When thinking about cost behavior, think about how the cost behaves in total. A variable cost is a cost that varies in total. The cost increases or decreases based on a related activity.

The formula for total variable cost is:

Total Variable Cost = Variable Rate X Activity

Assume a constant rate

For planning and decision making purposes, we assume that the variable rate is constant. This allows for a single variable in the calculations. Only the activity will change. Now, that is not always the case, but as long as we are within the relevant range for our decision, we can assume that the rate will stay the same.

But isn’t it fixed if the rate stays the same?

Remember that a variable cost varies in total. The rate might stay the same but once you multiply the rate by varying levels of activity, the total variable cost will change.

Imagine that you are selling candy bars as a fundraiser for a club to which you belong. Your cost is 50 cents per candy bar and the club sells the candy bars for $1 each. If the club sells 200 candy bars, what is the total variable cost? Is it 50 cents? No, that is the cost of a single candy bar. If you sell 200, you would need to multiply that by 50 cents for each of the candy bars sold.

200 candy bars X 50 cents per candy bar = $100

What if the club sold 500 candy bars? The total variable cost would be $250.

Here is a graph of the total variable cost of candy bars for the fundraiser:

Total Variable Cost

Notice that if no candy bars are sold, there is no cost. The more candy bars that are sold, the higher the cost. The cost line is a straight line. The slope of the line is equal to the variable rate. For each additional unit sold, the line increases at a rate of 50 cents. Think of the formula of a line: y=mx + b, where y is your y coordinate, x is your x coordinate, m is the slope and b is the y-intercept (the point where the line hits the y-axis).

The formula for total variable cost is: y=mx. The y-intercept for a variable cost is always zero because if there is no activity, there is no cost. Therefore, the line will always start at 0,0. The slope of the line, m, is your variable rate. The activity is x. See your math teacher was right when he or she told you you would use this stuff someday!

Frequently, you will see textbooks show the formula for the slope of a line as the formula for cost equations.

Related Videos

Cost Behavior: Fixed, Variable, Step and Mixed 

Fixed and Variable costs as per unit and total costs

Share This:

Related pages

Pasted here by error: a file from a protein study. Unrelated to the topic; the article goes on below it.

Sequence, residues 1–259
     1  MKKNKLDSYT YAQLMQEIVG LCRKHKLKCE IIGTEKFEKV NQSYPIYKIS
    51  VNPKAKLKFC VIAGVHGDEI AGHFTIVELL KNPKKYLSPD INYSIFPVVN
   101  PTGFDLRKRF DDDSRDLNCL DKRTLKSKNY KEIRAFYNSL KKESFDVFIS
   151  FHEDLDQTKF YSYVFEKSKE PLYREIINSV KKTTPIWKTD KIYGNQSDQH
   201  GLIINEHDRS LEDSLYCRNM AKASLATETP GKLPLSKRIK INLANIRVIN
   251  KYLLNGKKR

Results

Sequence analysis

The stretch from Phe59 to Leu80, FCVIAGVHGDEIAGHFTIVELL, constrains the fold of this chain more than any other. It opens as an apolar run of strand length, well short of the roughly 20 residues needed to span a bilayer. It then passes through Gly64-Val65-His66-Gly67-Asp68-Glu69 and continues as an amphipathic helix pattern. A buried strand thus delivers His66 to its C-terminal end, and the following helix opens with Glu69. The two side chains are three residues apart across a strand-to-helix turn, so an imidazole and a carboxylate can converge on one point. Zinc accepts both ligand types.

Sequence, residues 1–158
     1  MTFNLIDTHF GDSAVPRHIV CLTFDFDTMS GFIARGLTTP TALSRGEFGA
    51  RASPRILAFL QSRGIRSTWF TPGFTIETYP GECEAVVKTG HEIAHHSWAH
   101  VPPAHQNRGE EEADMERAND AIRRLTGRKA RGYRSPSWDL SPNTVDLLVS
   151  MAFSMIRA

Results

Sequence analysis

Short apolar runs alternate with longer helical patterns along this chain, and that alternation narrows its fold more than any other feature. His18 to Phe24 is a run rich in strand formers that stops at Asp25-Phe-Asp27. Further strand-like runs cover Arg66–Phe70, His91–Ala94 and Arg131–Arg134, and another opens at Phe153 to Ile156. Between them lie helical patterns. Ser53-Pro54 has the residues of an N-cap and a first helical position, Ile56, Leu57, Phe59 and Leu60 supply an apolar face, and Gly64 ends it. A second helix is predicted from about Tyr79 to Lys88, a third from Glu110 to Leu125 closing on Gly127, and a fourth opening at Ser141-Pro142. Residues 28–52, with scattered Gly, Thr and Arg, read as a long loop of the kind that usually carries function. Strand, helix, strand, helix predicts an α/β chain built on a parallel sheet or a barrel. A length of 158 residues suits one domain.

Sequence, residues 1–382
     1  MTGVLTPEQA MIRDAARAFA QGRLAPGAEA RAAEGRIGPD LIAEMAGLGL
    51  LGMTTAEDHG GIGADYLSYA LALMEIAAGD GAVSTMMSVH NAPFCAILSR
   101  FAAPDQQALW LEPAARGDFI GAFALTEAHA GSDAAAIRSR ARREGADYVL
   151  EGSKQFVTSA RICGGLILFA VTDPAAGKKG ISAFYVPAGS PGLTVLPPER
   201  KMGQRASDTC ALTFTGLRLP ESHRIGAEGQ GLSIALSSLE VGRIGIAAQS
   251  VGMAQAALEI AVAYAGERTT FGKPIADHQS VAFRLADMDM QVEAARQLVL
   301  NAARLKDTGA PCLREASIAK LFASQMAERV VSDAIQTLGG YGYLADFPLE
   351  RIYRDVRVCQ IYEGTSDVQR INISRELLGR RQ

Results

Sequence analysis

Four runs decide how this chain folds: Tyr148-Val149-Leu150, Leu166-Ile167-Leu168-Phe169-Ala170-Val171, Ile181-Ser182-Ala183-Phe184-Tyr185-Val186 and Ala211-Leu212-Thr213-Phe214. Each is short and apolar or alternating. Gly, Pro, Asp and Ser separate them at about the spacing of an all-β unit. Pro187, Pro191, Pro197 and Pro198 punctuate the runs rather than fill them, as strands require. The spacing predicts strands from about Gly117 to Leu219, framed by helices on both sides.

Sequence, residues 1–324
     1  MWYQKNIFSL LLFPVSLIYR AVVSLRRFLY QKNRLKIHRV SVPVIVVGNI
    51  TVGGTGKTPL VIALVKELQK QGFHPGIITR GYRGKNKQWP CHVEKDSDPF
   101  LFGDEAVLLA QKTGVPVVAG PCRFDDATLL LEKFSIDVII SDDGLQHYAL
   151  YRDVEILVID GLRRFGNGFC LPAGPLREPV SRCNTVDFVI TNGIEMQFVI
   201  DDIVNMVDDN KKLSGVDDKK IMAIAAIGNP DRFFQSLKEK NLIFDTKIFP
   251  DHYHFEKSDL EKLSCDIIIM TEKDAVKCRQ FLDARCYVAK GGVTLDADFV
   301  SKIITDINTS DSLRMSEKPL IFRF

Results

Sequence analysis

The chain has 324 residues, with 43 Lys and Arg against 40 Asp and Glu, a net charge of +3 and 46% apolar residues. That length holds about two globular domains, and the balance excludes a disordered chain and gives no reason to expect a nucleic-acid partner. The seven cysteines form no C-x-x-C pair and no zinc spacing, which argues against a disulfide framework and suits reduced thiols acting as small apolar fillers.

normal balance of income summaryending inventory definitionpayroll accounting journal entriesdepreciation declining balancereceivable ageingmerchandiser companieshow to find the present value of an annuityreceivable agingstatement of retained earnings examplesclosing entries are madebad debt write off journal entryfifo and lifo calculatorrevenue minus cost of goods soldaccounting cogsnetpay payrollfixed cost and variable cost formulapurchase returns and allowancesdeclining depreciation calculatorwhat are examples of variable expensescontribution margin per unit calculatoradjusting entry exampleraw materials purchased formulawhere is accumulated depreciation on the balance sheethow to calculate the average inventorycalculating cogshow to calculate profit margin per unitfactory overhead cost examplesunearned revenue is classified ast accounts assets and liabilitiesequation rearrangerlifo inventoryformula of average variable costwhich account would normally not require an adjusting entrytabular analysis accountingwhat is the present value of an ordinary annuityhow to prepare unadjusted trial balanceexample of fixed costs and variable costsperpetual unit priceswhere is unearned revenue recordedjournal entry and adjusting journal entryhow to solve weighted averagesfinancial accounting versus managerial accountingfinding ending inventory using fifoincome statements exampleswip materialexamples of accounting journal entriesresponsibility accounting performance reportsfifo inventory calculatorexample of absorption costingwhat does fixed expenses meanwhat is an example of a variable expensejournal entry of bills receivablecomputing gross profitformula for retained earningswhat is lifo and fifo with exampleunrecorded carsfifo cost of goods soldprovision for income tax journal entrywhat is double declining balance depreciationprepaid journal entrycomputing depreciationhow to calculate accounts payable on balance sheetfica tax rates 2014favourable or favorableaccumulated depreciation adjusting entryprepaid insurance on income statementaging account receivableactivity based costing abc methodmedicare tax percentagebasics of accounting entriesemployer payroll taxes calculatordepreciation calculator straight line methodrevenue accrual journal entryallowance method of accounting for uncollectible receivablesmanagerial accounting budgetslabor costingsaccounting tabular analysis